SHE DIED ON a Monday during spring break of our senior year. After her funeral, I immediately went back to school because she had begged me to do so. It was the beginning of a new quarter. In most of my classes, we were asked to introduce ourselves and say what we had done over the break. “My name is Cheryl,” I said. “I went to Mexico.”
I lied not to protect myself, but because it would have been rude not to. To express loss on that level is to cross a boundary, to violate personal space, to impose emotion in a nonemotional place.
We did not always treat grief this way. Nearly every culture has a history, and some still have a practice, of mourning rituals, many of which involve changes in the dress or appearance of those in grief. The wearing of black clothing or mourning jewelry, hair cutting, and body scarification or ritual tattooing all made the grief-stricken immediately visible to the people around them. Although it is true that these practices were sometimes ridiculously restrictive and not always in the best interest of the mourner, it is also true that they gave us something of value. They imposed evidence of loss on a community and forced that community to acknowledge it. If, as a culture, we don’t bear witness to grief, the burden of loss is placed entirely upon the bereaved, while the rest of us avert our eyes and wait for those in mourning to stop being sad, to let go, to move on, to cheer up. And if they don’t — if they have loved too deeply, if they do wake each morning thinking, I cannot continue to live — well, then we pathologize their pain; we call their suffering a disease.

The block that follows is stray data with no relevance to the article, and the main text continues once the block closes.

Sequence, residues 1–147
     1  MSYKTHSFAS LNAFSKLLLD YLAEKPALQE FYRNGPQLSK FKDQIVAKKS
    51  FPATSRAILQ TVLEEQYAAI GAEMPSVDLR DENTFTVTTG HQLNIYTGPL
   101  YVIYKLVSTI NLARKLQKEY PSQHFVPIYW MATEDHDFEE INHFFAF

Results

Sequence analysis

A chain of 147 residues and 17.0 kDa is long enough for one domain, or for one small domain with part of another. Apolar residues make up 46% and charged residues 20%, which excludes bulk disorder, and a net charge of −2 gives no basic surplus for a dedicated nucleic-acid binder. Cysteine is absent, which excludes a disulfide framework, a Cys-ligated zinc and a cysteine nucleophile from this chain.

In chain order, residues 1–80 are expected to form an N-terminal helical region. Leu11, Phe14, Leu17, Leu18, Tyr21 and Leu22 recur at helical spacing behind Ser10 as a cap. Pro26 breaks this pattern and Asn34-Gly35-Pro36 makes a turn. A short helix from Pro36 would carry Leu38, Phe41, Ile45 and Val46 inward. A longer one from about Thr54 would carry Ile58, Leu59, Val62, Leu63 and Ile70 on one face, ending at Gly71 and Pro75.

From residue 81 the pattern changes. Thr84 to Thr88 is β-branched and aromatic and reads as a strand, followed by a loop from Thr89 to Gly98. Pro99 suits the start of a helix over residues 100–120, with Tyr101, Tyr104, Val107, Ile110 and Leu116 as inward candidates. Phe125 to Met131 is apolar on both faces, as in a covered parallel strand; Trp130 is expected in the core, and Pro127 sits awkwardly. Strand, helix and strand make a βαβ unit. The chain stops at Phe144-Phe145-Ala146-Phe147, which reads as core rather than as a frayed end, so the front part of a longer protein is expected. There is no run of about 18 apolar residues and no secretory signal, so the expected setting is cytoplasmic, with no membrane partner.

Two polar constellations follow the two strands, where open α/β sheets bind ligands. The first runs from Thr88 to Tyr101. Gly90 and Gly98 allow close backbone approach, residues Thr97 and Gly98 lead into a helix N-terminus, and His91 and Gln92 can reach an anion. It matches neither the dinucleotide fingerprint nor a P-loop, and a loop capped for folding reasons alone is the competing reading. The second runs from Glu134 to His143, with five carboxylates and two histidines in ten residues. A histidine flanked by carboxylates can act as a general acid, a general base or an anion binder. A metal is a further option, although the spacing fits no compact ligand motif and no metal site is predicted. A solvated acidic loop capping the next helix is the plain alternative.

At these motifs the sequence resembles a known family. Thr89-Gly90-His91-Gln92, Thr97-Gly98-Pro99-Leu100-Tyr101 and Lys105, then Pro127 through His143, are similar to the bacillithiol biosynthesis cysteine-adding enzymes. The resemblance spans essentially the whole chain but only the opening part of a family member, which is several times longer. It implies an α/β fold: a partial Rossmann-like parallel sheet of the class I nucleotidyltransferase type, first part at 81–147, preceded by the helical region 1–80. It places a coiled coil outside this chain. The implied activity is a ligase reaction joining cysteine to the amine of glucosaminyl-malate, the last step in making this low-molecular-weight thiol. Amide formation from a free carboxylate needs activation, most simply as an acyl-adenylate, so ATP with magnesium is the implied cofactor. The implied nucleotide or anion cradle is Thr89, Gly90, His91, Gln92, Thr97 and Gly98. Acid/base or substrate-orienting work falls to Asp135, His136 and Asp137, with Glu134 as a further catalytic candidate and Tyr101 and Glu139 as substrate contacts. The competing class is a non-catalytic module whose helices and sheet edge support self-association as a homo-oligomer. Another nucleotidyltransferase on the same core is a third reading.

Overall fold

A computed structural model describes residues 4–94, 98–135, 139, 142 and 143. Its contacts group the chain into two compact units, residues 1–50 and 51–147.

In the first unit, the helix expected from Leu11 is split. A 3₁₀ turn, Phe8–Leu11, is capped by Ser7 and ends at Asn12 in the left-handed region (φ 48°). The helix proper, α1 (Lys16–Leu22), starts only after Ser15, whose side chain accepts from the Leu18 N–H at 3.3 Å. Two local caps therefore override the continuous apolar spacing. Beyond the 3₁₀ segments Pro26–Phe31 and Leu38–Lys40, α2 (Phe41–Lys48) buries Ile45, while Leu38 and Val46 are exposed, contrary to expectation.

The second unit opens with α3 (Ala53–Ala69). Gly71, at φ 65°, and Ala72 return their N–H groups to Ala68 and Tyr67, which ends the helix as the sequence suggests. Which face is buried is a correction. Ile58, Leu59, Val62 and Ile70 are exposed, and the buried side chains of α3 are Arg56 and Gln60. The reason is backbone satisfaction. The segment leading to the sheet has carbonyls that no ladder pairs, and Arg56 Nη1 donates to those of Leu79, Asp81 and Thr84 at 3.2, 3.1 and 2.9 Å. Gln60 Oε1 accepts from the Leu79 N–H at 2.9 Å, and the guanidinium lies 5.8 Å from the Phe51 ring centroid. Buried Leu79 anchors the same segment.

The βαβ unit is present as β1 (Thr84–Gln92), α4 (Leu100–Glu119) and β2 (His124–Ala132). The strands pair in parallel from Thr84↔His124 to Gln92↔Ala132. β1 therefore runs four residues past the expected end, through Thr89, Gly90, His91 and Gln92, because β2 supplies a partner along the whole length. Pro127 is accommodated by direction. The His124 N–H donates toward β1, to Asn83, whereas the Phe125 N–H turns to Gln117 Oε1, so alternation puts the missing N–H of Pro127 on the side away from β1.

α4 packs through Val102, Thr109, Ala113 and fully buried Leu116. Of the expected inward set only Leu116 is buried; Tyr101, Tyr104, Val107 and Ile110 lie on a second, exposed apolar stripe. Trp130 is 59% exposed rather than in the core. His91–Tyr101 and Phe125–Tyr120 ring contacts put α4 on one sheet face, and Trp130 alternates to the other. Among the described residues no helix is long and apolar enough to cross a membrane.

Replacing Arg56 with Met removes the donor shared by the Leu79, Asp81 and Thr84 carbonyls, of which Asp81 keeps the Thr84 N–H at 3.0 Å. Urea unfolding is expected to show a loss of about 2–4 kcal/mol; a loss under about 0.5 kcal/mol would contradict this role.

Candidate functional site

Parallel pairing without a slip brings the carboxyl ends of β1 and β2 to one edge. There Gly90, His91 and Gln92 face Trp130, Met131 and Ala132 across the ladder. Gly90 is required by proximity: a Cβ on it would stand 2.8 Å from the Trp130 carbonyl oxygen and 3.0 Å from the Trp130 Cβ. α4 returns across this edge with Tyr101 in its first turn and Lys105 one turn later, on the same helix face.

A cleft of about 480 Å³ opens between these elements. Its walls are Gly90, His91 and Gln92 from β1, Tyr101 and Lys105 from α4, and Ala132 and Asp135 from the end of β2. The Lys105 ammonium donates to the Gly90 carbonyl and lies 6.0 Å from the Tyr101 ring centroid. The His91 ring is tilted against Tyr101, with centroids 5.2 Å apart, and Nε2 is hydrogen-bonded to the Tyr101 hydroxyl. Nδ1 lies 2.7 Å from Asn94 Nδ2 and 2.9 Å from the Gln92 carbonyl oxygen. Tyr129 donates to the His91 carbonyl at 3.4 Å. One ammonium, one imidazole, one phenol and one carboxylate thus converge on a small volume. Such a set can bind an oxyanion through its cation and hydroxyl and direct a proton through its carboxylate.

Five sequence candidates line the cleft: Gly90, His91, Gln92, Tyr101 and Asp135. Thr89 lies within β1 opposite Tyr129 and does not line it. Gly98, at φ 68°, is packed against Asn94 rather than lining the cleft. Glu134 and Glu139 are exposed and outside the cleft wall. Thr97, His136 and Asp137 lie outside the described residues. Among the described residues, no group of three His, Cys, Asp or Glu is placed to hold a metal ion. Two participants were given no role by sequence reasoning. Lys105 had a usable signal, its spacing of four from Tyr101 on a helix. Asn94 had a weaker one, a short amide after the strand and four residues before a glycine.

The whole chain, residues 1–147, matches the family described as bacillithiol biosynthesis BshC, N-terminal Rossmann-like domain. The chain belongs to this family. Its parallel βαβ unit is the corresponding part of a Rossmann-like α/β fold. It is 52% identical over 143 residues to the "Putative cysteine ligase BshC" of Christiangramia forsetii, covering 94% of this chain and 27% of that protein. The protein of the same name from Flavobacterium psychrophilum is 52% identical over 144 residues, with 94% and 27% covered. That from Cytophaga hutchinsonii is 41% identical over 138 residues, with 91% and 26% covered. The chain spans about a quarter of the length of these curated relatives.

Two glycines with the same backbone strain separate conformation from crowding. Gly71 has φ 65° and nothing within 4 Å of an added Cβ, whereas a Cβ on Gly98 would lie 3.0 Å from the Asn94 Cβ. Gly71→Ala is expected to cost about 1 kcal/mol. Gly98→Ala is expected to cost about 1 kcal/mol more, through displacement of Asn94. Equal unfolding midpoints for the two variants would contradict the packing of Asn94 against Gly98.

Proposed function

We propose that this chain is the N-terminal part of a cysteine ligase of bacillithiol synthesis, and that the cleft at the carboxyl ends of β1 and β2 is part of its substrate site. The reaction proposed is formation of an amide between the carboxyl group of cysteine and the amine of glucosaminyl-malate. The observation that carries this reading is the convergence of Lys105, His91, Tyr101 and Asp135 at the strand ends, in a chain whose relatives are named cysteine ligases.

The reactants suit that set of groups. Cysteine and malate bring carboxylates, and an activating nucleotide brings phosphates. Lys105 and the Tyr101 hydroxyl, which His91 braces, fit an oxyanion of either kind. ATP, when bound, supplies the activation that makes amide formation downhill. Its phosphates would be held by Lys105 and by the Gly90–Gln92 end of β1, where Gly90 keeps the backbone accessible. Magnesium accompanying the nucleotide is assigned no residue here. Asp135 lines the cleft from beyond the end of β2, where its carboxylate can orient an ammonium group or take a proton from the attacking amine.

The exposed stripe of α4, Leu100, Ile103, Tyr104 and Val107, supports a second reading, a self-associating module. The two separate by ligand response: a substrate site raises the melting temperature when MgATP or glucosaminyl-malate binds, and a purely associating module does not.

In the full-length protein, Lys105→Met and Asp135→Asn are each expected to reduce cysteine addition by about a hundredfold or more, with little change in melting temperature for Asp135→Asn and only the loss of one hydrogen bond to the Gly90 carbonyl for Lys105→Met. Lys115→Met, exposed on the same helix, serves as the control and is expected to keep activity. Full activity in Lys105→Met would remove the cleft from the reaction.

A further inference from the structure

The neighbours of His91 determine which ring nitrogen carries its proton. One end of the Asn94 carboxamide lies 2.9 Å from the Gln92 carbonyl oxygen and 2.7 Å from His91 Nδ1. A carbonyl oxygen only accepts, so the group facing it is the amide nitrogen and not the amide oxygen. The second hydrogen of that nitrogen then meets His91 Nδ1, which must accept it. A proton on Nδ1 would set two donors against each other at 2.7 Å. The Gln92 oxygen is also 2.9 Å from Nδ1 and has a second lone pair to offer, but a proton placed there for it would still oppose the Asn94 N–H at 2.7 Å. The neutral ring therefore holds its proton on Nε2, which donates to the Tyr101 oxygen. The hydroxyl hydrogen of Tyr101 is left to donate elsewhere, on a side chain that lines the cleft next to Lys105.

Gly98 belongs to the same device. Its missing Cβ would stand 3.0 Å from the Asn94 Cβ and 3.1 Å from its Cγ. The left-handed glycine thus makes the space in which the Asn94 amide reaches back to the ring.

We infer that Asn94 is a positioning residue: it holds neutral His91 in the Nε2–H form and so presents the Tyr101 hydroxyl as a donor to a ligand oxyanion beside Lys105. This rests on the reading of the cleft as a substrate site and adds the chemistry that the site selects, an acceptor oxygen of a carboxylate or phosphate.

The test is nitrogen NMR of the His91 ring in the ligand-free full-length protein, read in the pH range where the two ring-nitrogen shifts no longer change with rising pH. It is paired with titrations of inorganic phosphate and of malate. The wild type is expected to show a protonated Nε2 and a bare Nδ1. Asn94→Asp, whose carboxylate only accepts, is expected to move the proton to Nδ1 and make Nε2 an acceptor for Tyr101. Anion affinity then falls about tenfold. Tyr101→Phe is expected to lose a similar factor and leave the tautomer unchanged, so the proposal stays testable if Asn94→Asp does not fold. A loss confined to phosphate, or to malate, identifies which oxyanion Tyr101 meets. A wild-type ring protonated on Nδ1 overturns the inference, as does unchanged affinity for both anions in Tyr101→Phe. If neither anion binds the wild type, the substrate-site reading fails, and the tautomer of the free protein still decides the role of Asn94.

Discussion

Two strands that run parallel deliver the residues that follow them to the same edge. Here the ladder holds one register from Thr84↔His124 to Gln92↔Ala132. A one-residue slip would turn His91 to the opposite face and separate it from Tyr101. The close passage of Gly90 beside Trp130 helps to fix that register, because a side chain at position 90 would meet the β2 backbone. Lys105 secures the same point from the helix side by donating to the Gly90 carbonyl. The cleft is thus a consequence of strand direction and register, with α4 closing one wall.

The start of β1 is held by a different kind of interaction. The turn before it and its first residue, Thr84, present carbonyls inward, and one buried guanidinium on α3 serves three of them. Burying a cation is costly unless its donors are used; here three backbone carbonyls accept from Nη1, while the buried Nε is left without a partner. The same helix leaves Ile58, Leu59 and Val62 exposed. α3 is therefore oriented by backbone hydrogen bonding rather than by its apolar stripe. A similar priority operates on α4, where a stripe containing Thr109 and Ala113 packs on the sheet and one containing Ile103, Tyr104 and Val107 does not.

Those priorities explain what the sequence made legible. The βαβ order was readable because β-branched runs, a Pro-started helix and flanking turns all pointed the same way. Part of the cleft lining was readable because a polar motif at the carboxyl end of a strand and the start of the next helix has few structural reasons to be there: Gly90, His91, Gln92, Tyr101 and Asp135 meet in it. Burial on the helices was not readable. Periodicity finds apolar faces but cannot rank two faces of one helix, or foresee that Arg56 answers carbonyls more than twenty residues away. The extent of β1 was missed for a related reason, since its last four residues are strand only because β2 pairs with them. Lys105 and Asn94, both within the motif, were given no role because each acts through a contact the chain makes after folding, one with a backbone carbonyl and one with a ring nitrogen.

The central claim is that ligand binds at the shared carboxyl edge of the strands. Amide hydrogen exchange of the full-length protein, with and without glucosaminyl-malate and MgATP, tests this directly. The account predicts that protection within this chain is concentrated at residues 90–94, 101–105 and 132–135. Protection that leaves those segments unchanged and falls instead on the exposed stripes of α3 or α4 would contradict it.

We do not help them: we tell them that they need to get help.